Elizabeth Warren Accused Of 'Playing The Minority Card'

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Massachusetts Democratic candidate for U.S. Senate Elizabeth Warren (AP)
Massachusetts Democratic candidate for U.S. Senate Elizabeth Warren (AP)

The unearthing of Elizabeth Warren's great-great-great grandmother's century-old marriage certificate has confirmed that she does, in fact, have Native American ancestry. She is 1/32 Cherokee to be exact, to which she comments, "I am very proud of my heritage. These are my family stories."

But to some, 1/32 seems like a bit of a stretch. After learning that Warren listed herself as a "minority professor" in the Association of American Law Schools desk book between 1986 and 1995, critics of the candidate have seized this opportunity to call her credibility and character into question as the Senate race heats up.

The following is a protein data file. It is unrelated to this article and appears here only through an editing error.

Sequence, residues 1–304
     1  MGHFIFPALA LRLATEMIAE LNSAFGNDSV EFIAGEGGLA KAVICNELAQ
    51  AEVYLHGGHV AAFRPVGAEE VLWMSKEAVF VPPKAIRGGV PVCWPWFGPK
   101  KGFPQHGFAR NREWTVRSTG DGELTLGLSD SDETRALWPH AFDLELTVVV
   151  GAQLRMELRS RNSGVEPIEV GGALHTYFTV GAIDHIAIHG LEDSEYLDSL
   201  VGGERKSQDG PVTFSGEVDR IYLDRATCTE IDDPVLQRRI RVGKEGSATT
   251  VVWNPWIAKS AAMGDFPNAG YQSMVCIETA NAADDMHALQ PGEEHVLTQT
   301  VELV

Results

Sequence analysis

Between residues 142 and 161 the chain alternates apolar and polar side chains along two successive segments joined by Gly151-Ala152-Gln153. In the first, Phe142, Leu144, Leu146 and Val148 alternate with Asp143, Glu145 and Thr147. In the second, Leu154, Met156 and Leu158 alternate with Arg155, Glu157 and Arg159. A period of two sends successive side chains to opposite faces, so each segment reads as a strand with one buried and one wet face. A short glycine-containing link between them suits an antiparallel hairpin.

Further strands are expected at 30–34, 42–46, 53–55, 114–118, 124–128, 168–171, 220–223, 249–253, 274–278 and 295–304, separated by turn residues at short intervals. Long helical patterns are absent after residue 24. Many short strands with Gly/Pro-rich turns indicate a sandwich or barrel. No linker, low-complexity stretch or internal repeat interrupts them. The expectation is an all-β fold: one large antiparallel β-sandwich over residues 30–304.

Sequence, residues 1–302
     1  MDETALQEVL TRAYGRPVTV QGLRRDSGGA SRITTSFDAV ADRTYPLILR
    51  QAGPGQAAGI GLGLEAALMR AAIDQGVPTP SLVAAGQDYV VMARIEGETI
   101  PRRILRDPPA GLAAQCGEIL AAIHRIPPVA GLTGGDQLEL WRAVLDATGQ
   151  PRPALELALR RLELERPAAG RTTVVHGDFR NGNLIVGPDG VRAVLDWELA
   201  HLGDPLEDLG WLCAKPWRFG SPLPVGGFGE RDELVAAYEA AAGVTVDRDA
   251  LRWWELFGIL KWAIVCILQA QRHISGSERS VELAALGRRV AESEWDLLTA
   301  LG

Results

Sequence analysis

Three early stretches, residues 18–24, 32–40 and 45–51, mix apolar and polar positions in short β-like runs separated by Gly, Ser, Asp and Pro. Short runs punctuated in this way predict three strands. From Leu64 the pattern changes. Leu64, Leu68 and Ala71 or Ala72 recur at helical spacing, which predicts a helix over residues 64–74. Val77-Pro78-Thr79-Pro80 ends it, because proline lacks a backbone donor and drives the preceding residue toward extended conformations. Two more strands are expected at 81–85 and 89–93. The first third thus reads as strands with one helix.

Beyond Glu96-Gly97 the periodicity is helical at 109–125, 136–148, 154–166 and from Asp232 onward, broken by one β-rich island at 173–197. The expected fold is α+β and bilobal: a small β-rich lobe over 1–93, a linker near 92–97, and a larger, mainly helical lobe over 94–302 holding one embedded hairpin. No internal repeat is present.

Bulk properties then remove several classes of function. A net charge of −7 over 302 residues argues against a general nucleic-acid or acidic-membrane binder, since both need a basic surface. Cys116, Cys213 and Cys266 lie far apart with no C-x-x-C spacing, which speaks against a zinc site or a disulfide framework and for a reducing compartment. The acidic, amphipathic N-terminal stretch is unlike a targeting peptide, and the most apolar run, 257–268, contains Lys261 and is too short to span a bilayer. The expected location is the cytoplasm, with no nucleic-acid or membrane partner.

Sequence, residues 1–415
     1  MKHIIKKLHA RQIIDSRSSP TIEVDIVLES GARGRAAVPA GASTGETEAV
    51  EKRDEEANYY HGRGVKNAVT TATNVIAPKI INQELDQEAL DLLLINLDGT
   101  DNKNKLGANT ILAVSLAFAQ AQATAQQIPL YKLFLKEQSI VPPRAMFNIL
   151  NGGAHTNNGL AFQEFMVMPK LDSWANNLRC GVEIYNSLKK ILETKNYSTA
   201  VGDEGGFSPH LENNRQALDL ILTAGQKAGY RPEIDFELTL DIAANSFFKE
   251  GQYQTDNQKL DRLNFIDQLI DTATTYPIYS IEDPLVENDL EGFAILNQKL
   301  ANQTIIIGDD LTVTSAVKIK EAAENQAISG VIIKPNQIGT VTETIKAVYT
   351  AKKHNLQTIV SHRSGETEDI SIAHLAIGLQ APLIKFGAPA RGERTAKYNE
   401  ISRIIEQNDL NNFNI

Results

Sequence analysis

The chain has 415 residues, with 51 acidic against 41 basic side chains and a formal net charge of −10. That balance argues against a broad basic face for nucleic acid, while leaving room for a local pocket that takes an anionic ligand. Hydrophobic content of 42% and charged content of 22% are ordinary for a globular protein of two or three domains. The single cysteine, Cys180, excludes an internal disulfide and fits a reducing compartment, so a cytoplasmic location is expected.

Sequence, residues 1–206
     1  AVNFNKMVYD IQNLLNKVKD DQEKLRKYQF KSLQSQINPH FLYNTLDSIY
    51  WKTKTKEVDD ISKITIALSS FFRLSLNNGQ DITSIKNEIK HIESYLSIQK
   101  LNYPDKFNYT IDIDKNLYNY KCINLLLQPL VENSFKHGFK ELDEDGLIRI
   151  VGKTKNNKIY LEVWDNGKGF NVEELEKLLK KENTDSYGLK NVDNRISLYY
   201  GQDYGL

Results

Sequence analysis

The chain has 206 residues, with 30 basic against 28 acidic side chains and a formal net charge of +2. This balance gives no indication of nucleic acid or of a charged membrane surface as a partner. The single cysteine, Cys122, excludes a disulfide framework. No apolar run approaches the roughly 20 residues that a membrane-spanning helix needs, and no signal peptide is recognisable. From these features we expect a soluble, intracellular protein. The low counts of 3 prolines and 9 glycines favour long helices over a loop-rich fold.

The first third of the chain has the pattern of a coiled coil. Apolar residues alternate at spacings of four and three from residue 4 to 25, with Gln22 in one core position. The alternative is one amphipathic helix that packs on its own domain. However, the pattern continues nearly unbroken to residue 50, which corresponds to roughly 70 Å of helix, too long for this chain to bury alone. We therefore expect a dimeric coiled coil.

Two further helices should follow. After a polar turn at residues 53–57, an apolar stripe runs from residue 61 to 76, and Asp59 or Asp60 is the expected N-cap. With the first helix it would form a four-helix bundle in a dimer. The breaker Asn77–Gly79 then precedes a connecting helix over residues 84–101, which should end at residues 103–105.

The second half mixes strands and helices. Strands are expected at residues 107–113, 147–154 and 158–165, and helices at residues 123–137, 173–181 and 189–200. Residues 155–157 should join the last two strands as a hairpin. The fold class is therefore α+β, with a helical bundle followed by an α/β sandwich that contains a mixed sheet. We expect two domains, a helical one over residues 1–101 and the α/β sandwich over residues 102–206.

Boston Herald columnist Margery Eagan has accused Warren of "grabbing for minority cred without enduring the minority grief". Similarly, Harvard Law School is under fire for having supposedly touted Warren as a "minority hire." Warren has denied using her ancestry to land her position at Harvard, but has not responded directly to accusations of "playing the minority card".

Meanwhile, Republican candidate Scott Brown claims to be staying out of it, telling the press "I'm learning about [the story] as you are, and you've asked a lot of questions, she should answer them."

Warren's campaign is fighting back with a hypocrisy accusation after Brown acknowledged that he takes advantage of President Obama's health care law - which he has openly criticized - to keep his twenty-three year-old daughter on his health insurance.


This segment aired on May 1, 2012.


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